Baseline characteristics of the patients and perioperative findings
During the five years of the study period, a total of 953 cases of twin cesarean deliveries were performed. Of these, either modified B-Lynch or Cho’s suture technique was applied to 147 patients because their uteri did not respond to massage and uterotonics. Modified B-Lynch suture was usually performed in case of poor uterine contraction, and Cho’s suture technique was applied to uterine atony along with placenta previa or accreta, and in some cases, in addition to modified B-Lynch suture. Table 1 shows the baseline characteristics of the patients by application status of the compression suture (patients without compression sutures versus patients with compression sutures). No statistically significant difference was found between the two groups in terms of patients’ age at delivery, parity, mode of conception, previous history of abdomino-pelvic surgery, or chorionicity. However, maternal body mass index (BMI) at delivery was significantly higher in patients with compression sutures as compared to those without compression sutures (27.5 vs. 26.9; p = 0.039), which was consistent with prior studies showing that obesity is a risk factor for developing UA [1, 16].
Table 2 shows the perioperative findings during CS of twins. Sum of birth weight was significantly larger in patients with compression sutures as compared to those without compression sutures (p = 0.018). Not unexpectedly, as a result of poor uterine contraction, the group with sutures was significantly higher than the group without sutures in estimated blood loss, hemoglobin change, and the rates of postpartum hemorrhage and transfusion within the first 24 hours of delivery. However, the rate of transfusion after the first 24 hours of delivery in the suture group was not significantly different from that in the non-suture group; both groups achieved hemostasis at an equal rate after the first 24 hours of delivery. Of 147 who were treated with compression sutures, only two patients (1.4%) proceeded to the uterine artery ligation procedure additionally to achieve hemostasis, which resulted in a success rate of 98.6% of the uterine compression suture. As expected, operation time was significantly longer in the suture than in the non-suture group due to the application of sutures; however, the mean time difference was only 8.5 minutes.
In the non-suture group, five patients (0.6%) were treated with other procedures. One patient was treated by uterine artery ligations during CS because the uterine incision was extended to the left uterine artery. To control the bleeding, multiple ligations of left uterine artery were performed. The remaining four patients had late-onset UA, and therefore, were transferred for uterine artery embolization after 24 hours of delivery.
Pregnancy outcomes following sutures
None of the patients with the compression suture developed complications related to the procedure during the first 2 months postpartum period. Among 953 patients, 371 (39%; n = 292 for the patients without sutures; n=79 for the patients with sutures) were available for the follow-up investigation after the first two months postpartum period. Of these, 308 (n = 238 for the patients without sutures; n=70 for the patients with sutures) expressed no desire to become pregnant, 22 (n = 17 for the patients without sutures; n = 5 for the patients with sutures) have tried to conceive, and 41 (n = 37 for the patients without sutures; n = 4 for the patients with sutures) became pregnant. The high rate (83% = 308/371) of giving up future pregnancies in our follow-up sample is probably a reflection of the very low birth rate in current Korean society . In addition, since our patients had twins, and most of our patients were somewhat old aged for another childbirth (see Table 1), these factors possibly contributed to low interests in subsequent pregnancies. Excluding patients who did not desire future pregnancies, the rate of subsequent pregnancy among those with sutures in our follow-up sample was 44.4% (= 4/9), which was within the range reported in the literature . However, given that our follow-up sample only included 39% of the original sample, as well as the fact that the vast majority of the follow-up sample had no interests in future pregnancy, and that the patients in our study were on the basis of the most recent 5 years’ records in our institution, our rate of future fertility should be considered only as an approximate estimate.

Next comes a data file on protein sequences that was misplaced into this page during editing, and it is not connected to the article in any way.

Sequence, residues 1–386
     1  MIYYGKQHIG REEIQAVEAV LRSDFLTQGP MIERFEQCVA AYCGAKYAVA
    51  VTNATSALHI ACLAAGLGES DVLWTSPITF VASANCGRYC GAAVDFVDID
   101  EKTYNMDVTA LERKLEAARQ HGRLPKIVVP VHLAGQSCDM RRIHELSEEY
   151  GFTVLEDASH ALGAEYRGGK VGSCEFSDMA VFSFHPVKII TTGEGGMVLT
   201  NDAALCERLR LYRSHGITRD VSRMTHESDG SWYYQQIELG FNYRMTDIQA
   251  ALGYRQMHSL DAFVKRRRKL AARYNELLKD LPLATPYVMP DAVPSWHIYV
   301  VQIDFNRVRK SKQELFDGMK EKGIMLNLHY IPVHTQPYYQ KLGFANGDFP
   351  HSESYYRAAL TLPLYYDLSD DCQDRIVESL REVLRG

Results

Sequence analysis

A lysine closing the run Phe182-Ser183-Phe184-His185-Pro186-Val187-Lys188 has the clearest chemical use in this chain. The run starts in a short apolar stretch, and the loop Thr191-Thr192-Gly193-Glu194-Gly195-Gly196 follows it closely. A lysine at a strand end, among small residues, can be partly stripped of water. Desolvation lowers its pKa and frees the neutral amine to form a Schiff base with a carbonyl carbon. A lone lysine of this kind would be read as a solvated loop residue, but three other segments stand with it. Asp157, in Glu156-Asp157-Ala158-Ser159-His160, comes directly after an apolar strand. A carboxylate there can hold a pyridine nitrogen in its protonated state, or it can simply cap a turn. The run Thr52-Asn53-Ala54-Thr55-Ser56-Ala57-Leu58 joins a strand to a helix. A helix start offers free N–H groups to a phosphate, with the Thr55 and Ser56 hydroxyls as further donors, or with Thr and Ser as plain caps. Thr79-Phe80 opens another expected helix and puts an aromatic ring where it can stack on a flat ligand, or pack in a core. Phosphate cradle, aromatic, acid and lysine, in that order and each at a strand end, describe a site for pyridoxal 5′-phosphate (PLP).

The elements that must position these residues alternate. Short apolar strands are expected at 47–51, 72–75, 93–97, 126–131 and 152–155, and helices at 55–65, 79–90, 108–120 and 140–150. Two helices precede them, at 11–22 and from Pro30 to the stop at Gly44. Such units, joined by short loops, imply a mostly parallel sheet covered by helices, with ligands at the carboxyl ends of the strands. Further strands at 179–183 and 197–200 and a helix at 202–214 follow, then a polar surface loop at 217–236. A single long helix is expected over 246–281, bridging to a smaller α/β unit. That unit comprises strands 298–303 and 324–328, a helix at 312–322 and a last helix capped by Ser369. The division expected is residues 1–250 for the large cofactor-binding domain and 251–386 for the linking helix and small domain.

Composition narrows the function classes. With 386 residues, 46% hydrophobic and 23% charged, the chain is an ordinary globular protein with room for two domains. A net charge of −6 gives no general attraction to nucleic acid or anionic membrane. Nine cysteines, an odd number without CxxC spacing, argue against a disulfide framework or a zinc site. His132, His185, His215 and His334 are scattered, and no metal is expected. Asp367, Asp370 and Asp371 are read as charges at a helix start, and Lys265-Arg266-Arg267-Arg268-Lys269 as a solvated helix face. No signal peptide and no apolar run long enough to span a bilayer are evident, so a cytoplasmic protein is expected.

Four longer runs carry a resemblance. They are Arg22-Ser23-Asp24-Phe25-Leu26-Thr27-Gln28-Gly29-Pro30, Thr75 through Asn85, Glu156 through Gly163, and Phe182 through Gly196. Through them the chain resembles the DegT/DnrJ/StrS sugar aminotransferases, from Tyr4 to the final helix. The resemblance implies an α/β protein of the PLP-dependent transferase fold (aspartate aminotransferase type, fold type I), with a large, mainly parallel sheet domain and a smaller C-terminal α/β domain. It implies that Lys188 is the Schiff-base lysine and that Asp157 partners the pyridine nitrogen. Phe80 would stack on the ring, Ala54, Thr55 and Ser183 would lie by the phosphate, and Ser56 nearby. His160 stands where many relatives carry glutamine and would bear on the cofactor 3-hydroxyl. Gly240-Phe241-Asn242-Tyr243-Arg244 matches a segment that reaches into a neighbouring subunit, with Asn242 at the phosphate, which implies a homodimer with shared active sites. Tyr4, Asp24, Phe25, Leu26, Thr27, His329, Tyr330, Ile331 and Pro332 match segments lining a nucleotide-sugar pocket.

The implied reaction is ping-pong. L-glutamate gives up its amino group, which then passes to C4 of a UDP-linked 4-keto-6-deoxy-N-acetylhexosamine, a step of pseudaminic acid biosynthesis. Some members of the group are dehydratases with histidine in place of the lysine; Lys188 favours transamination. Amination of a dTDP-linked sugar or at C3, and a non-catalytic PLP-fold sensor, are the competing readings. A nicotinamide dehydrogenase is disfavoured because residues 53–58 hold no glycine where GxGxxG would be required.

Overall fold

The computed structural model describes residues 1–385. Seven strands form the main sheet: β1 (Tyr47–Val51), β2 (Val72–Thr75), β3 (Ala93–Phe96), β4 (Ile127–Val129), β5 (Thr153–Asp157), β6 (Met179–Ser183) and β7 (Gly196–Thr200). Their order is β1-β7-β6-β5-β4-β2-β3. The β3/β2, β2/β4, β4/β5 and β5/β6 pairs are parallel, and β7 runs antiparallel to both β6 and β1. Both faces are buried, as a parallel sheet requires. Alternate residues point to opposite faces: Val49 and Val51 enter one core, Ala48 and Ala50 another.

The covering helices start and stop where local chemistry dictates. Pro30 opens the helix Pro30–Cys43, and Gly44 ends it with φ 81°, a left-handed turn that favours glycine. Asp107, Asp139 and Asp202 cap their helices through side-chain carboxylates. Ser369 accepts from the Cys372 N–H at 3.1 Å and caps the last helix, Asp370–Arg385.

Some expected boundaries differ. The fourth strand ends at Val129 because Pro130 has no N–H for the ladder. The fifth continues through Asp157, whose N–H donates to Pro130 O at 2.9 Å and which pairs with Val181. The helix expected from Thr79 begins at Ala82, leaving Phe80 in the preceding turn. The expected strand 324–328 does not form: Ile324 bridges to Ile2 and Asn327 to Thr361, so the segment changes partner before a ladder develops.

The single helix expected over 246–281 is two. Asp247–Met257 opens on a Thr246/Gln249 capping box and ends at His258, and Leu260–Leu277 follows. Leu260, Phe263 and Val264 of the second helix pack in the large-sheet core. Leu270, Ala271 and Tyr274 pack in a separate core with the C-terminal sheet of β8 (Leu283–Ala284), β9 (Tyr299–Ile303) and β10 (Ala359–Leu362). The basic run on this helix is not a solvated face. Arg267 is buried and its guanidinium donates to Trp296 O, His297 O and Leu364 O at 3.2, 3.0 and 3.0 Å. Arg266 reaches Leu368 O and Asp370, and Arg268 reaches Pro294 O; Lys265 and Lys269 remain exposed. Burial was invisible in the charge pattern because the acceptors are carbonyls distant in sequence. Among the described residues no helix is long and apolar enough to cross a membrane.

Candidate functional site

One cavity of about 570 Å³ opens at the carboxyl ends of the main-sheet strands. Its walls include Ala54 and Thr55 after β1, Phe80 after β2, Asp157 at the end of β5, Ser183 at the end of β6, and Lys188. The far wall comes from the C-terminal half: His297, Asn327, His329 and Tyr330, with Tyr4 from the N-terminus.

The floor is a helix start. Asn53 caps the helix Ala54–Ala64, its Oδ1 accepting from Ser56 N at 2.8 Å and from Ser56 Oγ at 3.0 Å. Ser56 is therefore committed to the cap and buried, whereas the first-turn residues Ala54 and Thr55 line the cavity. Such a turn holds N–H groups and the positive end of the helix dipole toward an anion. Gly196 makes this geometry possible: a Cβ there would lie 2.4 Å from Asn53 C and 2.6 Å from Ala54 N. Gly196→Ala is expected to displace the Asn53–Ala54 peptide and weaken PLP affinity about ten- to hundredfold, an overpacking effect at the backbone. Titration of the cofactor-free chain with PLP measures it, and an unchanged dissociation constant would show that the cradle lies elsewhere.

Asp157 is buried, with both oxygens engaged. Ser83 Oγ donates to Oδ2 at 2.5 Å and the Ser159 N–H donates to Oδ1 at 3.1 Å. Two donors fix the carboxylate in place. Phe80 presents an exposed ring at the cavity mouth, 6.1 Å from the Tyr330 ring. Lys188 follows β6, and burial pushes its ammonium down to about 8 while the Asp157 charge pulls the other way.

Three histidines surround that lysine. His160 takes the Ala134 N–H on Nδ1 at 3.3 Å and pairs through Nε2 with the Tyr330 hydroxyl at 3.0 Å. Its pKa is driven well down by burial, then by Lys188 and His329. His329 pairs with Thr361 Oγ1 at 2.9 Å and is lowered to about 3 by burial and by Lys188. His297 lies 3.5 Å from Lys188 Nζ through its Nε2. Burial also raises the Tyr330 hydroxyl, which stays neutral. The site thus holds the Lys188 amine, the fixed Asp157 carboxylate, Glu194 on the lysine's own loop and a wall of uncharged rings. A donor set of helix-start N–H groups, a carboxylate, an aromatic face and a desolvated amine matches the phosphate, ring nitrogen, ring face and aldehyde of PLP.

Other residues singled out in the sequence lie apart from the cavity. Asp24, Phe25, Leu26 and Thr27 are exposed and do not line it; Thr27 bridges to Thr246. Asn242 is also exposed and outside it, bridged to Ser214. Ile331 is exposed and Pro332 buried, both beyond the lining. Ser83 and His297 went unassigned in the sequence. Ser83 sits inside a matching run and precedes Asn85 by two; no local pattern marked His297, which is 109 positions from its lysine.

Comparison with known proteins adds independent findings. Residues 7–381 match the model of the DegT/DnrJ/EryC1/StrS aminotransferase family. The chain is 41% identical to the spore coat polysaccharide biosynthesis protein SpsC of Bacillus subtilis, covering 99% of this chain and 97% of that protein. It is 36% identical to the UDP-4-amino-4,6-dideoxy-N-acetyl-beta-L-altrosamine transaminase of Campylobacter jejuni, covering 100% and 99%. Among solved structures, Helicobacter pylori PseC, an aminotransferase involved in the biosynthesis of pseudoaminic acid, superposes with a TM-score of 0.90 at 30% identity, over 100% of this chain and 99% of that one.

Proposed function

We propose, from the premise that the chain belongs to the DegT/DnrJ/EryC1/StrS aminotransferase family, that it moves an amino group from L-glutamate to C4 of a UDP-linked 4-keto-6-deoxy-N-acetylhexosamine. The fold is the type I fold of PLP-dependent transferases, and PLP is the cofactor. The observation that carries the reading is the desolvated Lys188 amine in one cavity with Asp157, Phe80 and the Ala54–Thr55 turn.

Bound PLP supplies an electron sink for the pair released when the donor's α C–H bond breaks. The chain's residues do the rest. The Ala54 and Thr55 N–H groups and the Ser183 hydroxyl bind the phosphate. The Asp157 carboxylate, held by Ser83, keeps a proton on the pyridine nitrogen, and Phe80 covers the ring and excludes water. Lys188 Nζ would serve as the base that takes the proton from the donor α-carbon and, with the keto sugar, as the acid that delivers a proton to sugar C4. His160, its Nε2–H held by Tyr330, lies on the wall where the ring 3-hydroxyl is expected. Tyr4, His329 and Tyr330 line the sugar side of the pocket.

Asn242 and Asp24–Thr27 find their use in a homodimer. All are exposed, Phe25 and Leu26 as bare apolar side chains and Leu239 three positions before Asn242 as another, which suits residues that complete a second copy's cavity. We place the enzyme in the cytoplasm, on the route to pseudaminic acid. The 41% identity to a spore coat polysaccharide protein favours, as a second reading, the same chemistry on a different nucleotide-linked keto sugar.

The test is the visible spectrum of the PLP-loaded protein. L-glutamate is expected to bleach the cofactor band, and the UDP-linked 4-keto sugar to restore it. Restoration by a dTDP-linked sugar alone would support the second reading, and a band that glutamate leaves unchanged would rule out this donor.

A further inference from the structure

Table 3 shows a summary of pregnancy outcome data for the 41 patients sub-grouped according to the application status of the compression suture. As only four of the 41 patients received compression sutures, we did not carry out statistical analysis to compare patients with and without compression sutures in pregnancy outcomes. However, the mean intervals between CS and subsequent pregnancy were very similar in between the two groups (21.2 months for the patients without sutures and 22.5 months for the patients with sutures), suggesting that the adverse effect of sutures on future pregnancy may be minimal. Among the four patients with sutures, one received ART and had ongoing pregnancy, and the remaining three conceived spontaneously, of which one had a full-term delivery, and two had been in ongoing pregnancy.